Brand Upon the Brain: Lindstrom’s “Brand Sense”


Some heady brand thinking by Andy Rutledge in this post over at Neuroscience Marketing, “Sensory Branding.” It’s a sort of synopsis of Martin Lindstrom‘s book Brand Sense which dives past the initial, base aesthetics of a branding treatment (i.e. “Hey, that looks real nice!”) and into an entire range of conscious and unconscious elements used to make a brand live on in everyone’s brains (i.e. “Hey, I’d recognize that anywhere!”). It’s a great read, even if it is a little unsettling once it gets into all the “use the sense of smell as often as you can” stuff. Here’s some:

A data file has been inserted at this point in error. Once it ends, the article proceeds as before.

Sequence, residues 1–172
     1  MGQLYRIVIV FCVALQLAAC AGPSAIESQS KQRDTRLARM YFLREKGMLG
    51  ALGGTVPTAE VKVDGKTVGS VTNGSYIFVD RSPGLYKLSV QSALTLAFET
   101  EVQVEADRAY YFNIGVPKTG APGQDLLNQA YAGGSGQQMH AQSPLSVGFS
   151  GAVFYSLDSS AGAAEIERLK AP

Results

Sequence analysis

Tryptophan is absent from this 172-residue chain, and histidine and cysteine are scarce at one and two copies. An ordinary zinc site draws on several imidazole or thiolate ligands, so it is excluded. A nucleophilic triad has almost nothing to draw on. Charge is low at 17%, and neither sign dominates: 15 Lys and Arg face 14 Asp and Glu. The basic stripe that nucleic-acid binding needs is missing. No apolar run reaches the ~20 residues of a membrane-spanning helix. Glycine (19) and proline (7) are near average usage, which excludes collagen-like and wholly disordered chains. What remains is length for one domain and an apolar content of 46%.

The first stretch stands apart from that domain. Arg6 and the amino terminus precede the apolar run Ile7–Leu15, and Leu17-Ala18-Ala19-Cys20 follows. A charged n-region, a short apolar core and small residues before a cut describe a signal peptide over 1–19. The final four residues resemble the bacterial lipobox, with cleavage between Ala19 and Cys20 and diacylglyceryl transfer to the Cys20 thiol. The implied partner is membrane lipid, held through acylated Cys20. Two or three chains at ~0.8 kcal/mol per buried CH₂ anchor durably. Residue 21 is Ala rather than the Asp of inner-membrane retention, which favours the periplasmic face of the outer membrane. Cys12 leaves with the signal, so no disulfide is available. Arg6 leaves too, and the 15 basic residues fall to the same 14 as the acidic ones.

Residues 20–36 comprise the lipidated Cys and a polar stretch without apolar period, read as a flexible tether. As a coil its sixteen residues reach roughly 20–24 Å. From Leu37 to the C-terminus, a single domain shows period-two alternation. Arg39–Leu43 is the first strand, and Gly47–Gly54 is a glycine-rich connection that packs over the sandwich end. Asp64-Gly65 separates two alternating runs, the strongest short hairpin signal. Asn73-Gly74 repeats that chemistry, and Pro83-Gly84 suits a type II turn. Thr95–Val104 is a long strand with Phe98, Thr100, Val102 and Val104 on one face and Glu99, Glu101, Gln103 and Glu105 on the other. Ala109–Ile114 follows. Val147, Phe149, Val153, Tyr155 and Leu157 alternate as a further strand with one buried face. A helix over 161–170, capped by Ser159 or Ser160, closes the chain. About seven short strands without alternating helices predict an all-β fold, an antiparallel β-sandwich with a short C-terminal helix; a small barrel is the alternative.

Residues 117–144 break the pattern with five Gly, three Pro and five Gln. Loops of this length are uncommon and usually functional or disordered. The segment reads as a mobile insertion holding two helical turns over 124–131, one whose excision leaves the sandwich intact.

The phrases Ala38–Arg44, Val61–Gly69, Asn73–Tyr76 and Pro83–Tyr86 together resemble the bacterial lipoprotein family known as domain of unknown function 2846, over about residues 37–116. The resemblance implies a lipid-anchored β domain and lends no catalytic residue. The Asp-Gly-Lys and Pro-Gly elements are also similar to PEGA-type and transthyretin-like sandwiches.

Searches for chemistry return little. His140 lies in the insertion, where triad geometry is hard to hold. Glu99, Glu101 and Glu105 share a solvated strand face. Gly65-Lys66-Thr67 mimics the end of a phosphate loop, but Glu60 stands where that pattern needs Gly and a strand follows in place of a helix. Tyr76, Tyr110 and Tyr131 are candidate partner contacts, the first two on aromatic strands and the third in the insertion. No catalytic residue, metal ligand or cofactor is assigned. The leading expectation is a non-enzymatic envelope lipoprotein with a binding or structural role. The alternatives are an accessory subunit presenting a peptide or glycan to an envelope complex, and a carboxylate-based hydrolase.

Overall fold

Lindstrom’s basic point is simple – brands that appeal to multiple senses will be more successful than brands that focus only on one or two. These appeals can be part of the brand’s advertising, like using a distinctive color and logo in a consistent manner, or part of the product itself, like a phone ringtone or the fragrance of a soap product. He points to Singapore Airlines as the pinnacle of sensory branding. They not only employ the more common consistent visual themes one might expect from an airline, but incorporate the same scent, Stefan Floridian Waters, in the perfume worn by flight attendants, in their hot towels, and other elements of their service.</blockquote